A complete guide to Remote Desktop Services
Remote Desktop Services (RDS), sometimes also known as Remote Desktop Protocol (RDP), refers to software that can be accessed from an online server so that users can access apps and resources from any location and device with an internet connection. In a higher education setting, RDS allows students to connect to an operating system so they can access the same applications and software provided by their university.
Many universities have turned to virtual solutions such as RDS to facilitate easier remote learning opportunities for students since the coronavirus pandemic began in 2020. This software has a range of benefits and technical requirements that need to be considered before being implemented across a higher education institution.
One of the key benefits of using a remote desktop gateway in higher education is that it enables students to connect with on-campus machines from remote locations so that they can access any application or resource they need to carry out their studies. Through a Remote Desktop Session Host, you can group desktops and apps for specific groups of students, such as those enrolled on a certain course who need particular software.
There are many advantages to using RDS in a higher education setting, including:
- It’s quick to implement
- It’s cost-effective
- It allows for the continuity of education
- The ability for multiple users to access the system at the same time
- It has no device compatibility issues so any student with an internet connection can access it
Find out more about the key advantages—and disadvantages—of RDS in our expert guide.
Introducing an RDS solution to your higher education organization isn’t as simple as implementing the server and letting it do its thing. There are a number of important factors to keep in mind before and during RDS implementation, including:
- Hardware requirements – your RDS will need a host server to meet the demand of hundreds of users accessing the service at the same time
- System requirements – the right technology has to be in place for your RDS solution to be able to handle constant usage and for students to access apps and software remotely
- Licensing requirements – the type of license you require will depend on the apps and software needed from your remote desktop server, amongst other things (more on this below)
- Sever requirements – to accommodate an RDS solution in a higher education setting, a server needs to be not only powerful but also consistent and with sufficient capacity for expansion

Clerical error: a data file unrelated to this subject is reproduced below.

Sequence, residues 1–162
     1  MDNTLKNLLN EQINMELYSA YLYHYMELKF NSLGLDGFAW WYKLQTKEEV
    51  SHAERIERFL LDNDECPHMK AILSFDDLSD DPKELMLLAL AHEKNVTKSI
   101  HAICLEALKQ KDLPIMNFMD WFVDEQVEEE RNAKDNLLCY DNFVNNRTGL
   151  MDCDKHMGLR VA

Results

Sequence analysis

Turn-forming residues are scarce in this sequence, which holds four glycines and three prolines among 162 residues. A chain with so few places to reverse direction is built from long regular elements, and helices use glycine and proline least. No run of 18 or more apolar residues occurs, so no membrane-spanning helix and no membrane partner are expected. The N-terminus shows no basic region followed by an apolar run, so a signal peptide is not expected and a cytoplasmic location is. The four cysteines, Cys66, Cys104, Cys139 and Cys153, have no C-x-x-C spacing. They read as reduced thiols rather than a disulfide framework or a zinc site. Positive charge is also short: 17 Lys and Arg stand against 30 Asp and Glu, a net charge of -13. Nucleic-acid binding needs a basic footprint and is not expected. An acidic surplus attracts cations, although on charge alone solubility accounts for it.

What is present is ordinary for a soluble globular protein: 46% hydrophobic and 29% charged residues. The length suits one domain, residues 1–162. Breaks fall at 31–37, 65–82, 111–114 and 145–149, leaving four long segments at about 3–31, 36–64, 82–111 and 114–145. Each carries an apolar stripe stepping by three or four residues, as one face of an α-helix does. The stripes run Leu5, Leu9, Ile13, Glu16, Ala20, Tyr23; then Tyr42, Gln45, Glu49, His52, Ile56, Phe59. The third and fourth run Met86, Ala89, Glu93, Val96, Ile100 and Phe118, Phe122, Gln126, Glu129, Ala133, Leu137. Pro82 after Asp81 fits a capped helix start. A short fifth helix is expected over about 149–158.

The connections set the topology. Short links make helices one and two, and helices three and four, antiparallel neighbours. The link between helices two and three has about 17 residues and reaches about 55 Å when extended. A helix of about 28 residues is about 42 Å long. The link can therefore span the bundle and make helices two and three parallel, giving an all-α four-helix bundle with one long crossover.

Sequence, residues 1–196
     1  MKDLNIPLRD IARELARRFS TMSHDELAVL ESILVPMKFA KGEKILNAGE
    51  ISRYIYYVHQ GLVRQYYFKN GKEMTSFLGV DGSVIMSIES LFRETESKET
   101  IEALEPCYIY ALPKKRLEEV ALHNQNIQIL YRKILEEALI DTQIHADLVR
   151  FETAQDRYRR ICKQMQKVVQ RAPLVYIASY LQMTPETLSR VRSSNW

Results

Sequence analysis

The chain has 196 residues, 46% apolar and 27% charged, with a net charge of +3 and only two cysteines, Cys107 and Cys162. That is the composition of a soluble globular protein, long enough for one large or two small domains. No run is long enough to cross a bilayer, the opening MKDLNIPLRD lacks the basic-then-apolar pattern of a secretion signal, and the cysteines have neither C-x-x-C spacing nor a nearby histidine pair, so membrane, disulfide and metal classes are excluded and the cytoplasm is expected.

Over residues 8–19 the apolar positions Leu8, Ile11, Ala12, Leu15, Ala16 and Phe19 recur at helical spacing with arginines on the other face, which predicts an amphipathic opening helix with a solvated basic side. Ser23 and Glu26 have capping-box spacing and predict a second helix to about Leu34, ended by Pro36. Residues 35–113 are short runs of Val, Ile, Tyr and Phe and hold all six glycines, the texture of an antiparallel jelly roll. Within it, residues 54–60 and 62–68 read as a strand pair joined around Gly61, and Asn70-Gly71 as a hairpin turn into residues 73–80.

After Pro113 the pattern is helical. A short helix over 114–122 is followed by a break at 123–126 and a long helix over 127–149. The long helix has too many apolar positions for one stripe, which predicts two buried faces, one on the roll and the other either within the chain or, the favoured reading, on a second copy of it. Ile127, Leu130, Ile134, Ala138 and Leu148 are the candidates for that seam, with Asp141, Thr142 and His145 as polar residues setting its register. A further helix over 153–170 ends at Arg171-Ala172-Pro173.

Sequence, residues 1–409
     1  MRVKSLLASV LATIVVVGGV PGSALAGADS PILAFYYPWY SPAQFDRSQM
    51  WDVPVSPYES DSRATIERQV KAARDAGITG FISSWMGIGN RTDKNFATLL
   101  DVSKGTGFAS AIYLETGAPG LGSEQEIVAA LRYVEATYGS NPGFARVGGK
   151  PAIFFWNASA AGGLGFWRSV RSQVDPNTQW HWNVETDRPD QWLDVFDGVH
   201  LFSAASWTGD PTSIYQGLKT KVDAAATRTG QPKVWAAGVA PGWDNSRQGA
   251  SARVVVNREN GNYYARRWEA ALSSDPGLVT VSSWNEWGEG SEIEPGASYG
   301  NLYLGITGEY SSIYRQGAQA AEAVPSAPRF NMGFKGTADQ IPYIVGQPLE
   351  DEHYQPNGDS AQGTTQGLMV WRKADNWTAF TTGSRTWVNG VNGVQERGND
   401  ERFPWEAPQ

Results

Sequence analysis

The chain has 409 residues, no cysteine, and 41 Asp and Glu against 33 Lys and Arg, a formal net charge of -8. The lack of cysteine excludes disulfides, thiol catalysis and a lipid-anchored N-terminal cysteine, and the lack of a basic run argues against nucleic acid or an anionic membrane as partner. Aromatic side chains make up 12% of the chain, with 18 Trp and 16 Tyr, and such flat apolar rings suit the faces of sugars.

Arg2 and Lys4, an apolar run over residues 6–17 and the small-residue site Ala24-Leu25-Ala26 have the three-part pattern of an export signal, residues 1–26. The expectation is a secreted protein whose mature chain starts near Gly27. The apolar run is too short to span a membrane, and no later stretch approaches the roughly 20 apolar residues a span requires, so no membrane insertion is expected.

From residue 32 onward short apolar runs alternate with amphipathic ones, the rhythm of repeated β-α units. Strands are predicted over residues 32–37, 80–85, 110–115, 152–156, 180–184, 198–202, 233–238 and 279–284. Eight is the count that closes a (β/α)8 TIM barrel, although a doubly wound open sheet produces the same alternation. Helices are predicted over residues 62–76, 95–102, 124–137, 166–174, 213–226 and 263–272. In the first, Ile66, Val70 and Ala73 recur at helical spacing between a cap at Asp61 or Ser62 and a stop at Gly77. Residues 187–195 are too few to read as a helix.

- Security requirements – the security of your RDS solution is paramount and protective measures should include high-level encryption, network-level authentication and the removal of unused accounts
We have a full guide that explains these RDS implementation considerations in more detail.
Remote desktop solutions are a very broad field of service, so it’s unlikely that an ‘out of the box’ server meets all of the requirements your higher education organization is looking for in remote learning software. Once you’ve decided which RDS solution you’re going to use, you should take some time customising and configuring the service so that it functions as it should but also doesn’t disrupt the continuity of learning and teaching.
It’s important to configure your RDS solution correctly for a number of reasons. These include cost-effectiveness, accessibility, and consistency. Much like the implementation process (see above), there are a number of factors to consider when configuring your RDS server, such as:
- The number of users
- The number and types of licenses required
- The software required
- Security and anti-virus protection
- Server size
- Device compatibility
Our guide to configuring RDS solutions explains these factors in more detail.
To access some of the key RDS features such as file sharing, you need a Client Access License (CAL) which gives users permission to access the remote desktop connection. Every user who wants remote access to your RD gateway will need their own license, meaning the more users and devices accessing the RDS, the more licenses needed and the higher the cost.
There are two types of CAL license:
- Per device CAL – licenses are assigned to each physical device
- Per user CAL – licenses are assigned to users through the Active Directory
These licenses differ in a number of ways, including how they are tracked, whether they can be revoked, the availability of temporary licenses and whether licenses can be overallocated. Which of these licenses you will need will depend on the number of users and devices your remote desktop solution will serve.
Other important considerations include the general needs of your students and IT staff, the costs attached to licensing and your remote desktop session host. You may find that an RDS solution doesn’t fit with the level of access required by users and that an alternative service such as a Virtual Desktop Infrastructure (VDI) works better for your university.
For more information about how remote desktop licensing works and how it compares to licensing for other remote working solutions, read our expert guide to RDS licensing.